People who live in the communities served by the clinic are, for the most part, subsistence farmers, trying to grow enough crops on their land to sustain their families.

Goat Program

Many rural Haitians also raise animals such as chickens, goats, pigs and cattle, in order to have additional income when needed for schooling of their children, illnesses, clothing and home repairs. The more productive their land is, the better harvests they’ll have and the better fed are their families, likewise for their animals. When they’re well fed and cared for, they get better prices at the market and the family is better off.

In late 2018 FHH began a Goat Program as part of an overall effort to strengthen rural Haitian families and provide livelihood support to them. Through a partnership with Dr. Nancy Willerton, a veterinarian in Denver, CO and Mt. Horeb United Methodist Church in SC, we chose 25 families in each of 4 communities close to the clinic as participants (Gatineau, Duchene, Fraise and Nouvelette).

Each recipient family was given two female goats which were bought in local markets. Then, two male goats, from an improved breed, were provided to each community for breeding. In return, each family agreed to give back two goats that can then be given to other community members or to a nearby community, ensuring that livelihood assistance spreads from one area to another.

Each community chose two young men to be supervisors of the program, recording information about each female goat, her breeding, pregnancies and offspring.  Vaccinations are provided annually with mobile veterinary clinics conducted every three months to give vitamins, anti-parasitic medications and to treat any medical problems in the goats.

After five years, the Goat Program is now in its third generation. Nearly all the goats from the first generation have been paid back and were given to a second generation of 25 families in each of the 4 communities. Some of the second generation recipient families have paid back 1 or 2 of the offspring goats which have gone to a third generation of recipients. Once the second generation goats are all paid back, each community will take over responsibility for the program. FHH will continue to provide annual vaccines but the communities will pay for the services of the local veterinary technician and medications to keep the goats healthy.

The Goat Program has been so successful and well received by the rural Haitian communities that we decided to start it again from scratch in May 2023 in 4 new communities, Morvan, Menat, Malety and Yaya. These are communities where we have our own volunteer Community Promoters and some of them are supervisors of the new Goat Program. 200 female goats were purchased in the local markets and distributed to 25 families in each of the 4 communities. 8 male goats were also purchased and are being cared for by local community members. Baby goats are starting to appear and the program is off to a great start! We’re thankful for funding from Rotary Clubs in Canada that made expansion of this program possible.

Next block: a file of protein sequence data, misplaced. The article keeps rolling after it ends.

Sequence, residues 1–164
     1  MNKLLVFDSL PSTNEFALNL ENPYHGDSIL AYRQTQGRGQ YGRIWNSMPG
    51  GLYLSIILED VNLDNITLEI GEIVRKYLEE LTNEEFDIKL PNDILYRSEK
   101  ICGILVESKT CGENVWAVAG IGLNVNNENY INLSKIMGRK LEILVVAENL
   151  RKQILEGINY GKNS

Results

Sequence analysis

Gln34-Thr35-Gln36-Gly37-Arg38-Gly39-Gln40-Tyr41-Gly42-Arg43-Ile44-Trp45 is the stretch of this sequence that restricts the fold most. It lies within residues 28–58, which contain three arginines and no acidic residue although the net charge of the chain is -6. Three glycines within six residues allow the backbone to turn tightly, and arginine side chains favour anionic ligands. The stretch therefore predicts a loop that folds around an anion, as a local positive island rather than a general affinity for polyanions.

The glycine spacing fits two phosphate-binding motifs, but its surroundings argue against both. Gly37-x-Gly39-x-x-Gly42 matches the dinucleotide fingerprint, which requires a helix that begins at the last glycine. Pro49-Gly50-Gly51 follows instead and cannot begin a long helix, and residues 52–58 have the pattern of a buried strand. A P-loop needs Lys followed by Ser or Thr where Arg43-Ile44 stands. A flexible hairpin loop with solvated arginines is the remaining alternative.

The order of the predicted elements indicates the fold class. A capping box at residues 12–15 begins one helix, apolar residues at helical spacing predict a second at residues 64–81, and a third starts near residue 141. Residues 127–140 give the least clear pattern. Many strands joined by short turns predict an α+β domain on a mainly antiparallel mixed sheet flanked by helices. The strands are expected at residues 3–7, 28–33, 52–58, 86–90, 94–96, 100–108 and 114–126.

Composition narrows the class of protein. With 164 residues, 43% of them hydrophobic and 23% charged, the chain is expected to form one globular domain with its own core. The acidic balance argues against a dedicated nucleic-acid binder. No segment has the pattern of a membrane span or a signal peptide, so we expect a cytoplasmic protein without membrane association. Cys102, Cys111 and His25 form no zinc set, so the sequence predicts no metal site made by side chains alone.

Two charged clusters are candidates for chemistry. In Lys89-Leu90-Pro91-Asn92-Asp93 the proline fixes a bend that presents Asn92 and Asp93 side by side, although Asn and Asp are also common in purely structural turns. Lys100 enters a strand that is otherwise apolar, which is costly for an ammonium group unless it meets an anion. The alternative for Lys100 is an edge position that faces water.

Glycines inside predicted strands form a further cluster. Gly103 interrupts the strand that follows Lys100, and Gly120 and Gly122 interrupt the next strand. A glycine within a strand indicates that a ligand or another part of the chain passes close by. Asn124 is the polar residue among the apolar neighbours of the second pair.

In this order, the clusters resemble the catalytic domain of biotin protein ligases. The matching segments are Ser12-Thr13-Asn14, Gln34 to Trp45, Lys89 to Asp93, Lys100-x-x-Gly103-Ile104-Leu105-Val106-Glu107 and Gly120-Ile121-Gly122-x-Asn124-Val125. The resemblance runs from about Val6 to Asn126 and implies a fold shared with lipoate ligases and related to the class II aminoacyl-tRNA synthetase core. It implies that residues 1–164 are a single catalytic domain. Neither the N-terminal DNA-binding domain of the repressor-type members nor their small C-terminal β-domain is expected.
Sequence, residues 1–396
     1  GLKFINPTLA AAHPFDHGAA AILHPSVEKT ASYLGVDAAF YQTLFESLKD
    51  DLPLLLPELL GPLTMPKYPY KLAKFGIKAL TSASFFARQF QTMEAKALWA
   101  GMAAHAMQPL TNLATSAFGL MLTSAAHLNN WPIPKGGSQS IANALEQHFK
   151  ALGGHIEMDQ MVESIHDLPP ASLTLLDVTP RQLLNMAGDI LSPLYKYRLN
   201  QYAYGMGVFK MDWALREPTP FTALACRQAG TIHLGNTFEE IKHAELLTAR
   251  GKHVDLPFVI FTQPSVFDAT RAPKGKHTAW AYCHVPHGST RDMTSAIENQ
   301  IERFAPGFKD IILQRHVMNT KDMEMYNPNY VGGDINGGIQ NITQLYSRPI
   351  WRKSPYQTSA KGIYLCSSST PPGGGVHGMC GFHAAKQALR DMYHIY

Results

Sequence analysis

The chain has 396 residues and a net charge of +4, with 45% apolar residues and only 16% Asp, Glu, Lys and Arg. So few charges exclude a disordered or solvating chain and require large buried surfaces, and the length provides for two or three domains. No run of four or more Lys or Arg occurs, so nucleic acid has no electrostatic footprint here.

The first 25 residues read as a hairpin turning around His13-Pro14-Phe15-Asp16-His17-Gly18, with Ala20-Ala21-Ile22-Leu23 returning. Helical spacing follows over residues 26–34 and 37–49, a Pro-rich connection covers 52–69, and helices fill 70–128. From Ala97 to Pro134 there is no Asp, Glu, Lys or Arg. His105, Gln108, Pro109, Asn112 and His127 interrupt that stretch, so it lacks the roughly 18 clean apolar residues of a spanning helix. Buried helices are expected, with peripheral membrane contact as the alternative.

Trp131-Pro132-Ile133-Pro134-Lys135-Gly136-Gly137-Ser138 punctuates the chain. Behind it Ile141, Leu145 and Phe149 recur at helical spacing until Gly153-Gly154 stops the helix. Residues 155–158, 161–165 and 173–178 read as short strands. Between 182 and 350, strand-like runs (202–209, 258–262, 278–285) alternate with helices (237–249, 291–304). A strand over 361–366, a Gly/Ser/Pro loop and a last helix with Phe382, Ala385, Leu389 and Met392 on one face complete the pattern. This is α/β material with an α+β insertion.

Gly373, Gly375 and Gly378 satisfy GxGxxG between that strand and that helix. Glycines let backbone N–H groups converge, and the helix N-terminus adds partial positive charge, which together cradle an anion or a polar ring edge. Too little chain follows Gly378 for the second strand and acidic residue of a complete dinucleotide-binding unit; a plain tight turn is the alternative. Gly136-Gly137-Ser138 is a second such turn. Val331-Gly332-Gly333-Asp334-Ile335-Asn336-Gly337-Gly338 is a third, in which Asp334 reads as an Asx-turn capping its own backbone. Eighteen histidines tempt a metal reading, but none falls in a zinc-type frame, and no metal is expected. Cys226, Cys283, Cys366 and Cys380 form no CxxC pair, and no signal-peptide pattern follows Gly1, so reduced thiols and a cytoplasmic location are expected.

Agriculture Program

Due to significant food insecurity following the earthquake that occurred in the Jérémie area in August 2021, we decided to begin an Agriculture Program as another aspect of our Livelihood Programs. We selected 6 rural communities that are high up in the mountains to receive black bean seeds for planting in the three planting cycles they have each year. 100 farmers in each of 2 communities were chosen each planting season to receive 5 cans of bean seeds. The only requirement we made of the farmers was that they needed to attend an educational session prior to being given the seeds and they needed to let us know how many beans they harvested and what they did with the beans (ate, sold or replanted). In January 2022 the communities of Segnette and Milfort received beans, Charlette and Dibarasse in June 2022 and Delion and Campagne in October 2022.

Ten teams of two went out several times a week for 3-4 weeks to purchase 1000 cans of beans (50 sacks) in local markets. The sacks of beans were then stored in local homes until the time of distribution. An educational session was led by our Community Coordinator, Gemi, and agronomist Wilton, with the assistance of our Community Promoters. After the session, every farmer who had been chosen by a committee of community leaders received his/her beans.

When the beans were harvested, the average amount harvested by each of the 600 farmers was 11 cans (from the 5 cans that were planted). 55% of farmers ate some of the harvested beans, 64% sold some, 88% planted some and 11% used some to pay for school for their children. Overall, it was a very successful year for beans and the farmers were grateful for our help in being able to plant.

2023 was a year of severe drought in the Jérémie area so we did not distribute bean seeds to any communities. By the end of the year rains came and the bean harvest was good so in January 2024 we began to purchase bean seeds once again. We’ve distributed 4 cans of beans to each of 125 farmers in 2 new communities, Cochoix and Pinquet, with plans to continue with this important livelihood program in 4 more communities during the year.

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